NOTHING about Henri Pharoun so ill became his life as the way in which he departed it. A founder of Lebanon's independence, a multi-millionaire stable owner and antique collector, lawyer, banker and linguist, the 92-year-old champion of coexistence between Muslims and Christians was discovered yesterday morning, repeatedly stabbed with a knife in the bedroom of a cut-rate Beirut hotel. He had lived there for the past 18 months, deeply embittered at the sale of his family palace by his only son to a Saudi prince.
His treasures included one of the five letters allegedly written by the Prophet Muhammad on deerskin, the finest series of Roman and Greek statues in Lebanon and one of the first Lebanese flags, stitched in 1941 and whose red, white and cedar-tree design he himself devised. For 30 years, he ran Beirut's port authority - jobs were awarded without religious discrimination - but his greatest love remained the racetrack; he owned the largest racing stable of Arabian horses anywhere. 'The horse racetrack and the port are the main bastions of coexistence that ensures Lebanon's survival,' he told race-goers in 1990 before breaking down in tears.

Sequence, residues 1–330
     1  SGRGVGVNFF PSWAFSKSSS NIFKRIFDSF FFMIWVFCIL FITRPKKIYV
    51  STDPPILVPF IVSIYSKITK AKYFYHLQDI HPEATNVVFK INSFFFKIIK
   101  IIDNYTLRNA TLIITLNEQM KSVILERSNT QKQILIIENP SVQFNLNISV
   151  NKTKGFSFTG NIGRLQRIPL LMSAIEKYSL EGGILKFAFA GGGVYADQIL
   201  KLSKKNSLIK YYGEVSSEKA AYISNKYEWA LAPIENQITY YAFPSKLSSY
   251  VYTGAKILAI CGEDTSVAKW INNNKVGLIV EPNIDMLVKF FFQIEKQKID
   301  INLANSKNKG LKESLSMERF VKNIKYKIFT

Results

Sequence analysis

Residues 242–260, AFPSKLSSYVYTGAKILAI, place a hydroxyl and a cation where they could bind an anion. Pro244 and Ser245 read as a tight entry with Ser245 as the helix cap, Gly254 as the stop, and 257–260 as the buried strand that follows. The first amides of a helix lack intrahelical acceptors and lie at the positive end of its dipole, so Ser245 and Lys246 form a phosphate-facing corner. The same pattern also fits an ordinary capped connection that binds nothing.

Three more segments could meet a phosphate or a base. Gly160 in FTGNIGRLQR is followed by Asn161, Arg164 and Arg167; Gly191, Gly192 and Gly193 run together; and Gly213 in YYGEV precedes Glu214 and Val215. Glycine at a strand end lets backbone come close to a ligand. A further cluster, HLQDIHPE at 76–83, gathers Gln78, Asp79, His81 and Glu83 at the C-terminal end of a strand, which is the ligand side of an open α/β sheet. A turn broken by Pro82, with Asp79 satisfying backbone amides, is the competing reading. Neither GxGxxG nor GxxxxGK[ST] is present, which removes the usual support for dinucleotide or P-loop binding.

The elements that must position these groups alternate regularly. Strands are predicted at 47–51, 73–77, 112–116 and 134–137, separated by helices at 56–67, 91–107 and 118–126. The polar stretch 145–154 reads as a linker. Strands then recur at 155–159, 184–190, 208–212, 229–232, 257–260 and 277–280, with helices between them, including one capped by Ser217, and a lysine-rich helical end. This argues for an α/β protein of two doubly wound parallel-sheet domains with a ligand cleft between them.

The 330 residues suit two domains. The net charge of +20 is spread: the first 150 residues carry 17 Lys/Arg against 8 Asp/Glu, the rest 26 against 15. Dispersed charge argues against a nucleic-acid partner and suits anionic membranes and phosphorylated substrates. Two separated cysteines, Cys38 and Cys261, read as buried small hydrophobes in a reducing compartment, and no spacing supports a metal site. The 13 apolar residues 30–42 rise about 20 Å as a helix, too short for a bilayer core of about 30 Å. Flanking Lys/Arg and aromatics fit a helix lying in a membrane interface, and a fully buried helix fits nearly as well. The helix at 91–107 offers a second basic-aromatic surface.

Born in Alexandria, Pharoun was brought up by an English nanny - his English was flawless although he also spoke French and Italian as well as his native Arabic - and was educated at French missionary schools in Beirut before attending college in Switzerland and studying law in France. At the age of only 21, he married a Palestinian heiress, Nawalli Kassar, whose beauty was compared by her friends to that of the young Rita Hayworth.
But he was a lonely man whose later private life was often the subject of gossip in Beirut. In a part of the world where discussion of such matters is still taboo, Pharoun was known to be a homosexual and the Lebanese police believe that a private relationship may have been the cause of the old man's murder. He spent his later years in his palace alone, guarded by a mastiff almost half his height, surrounded by the Delft tiles, 15th-century Damascene ceilings and antique carpets which he had collected across the Middle East. He stayed on in his front-line Gothic-style keep throughout the shell-fire of the civil war, his garden lined with Roman and Greek sarcophagi.
Despite his opposition to French rule, he was a Westerner at heart, founding the pro-European, non-Arab Mediterranean Party in 1949 when the Lebanese were fiercely debating their national identity - Western or Arab - in a contest which would, less than three decades later, detonate Lebanon's 15-year civil war. Throughout that conflict, Pharoun, bent double over a cane, his eyes shielded by thick black glasses, said his obsession was to see race-horses competing in Beirut again. 'I want to see them running again before I die,' he would tell visitors. He got his wish in 1990. He is survived by his son Naji and by the Lebanese bank which he founded and which still bears his family name.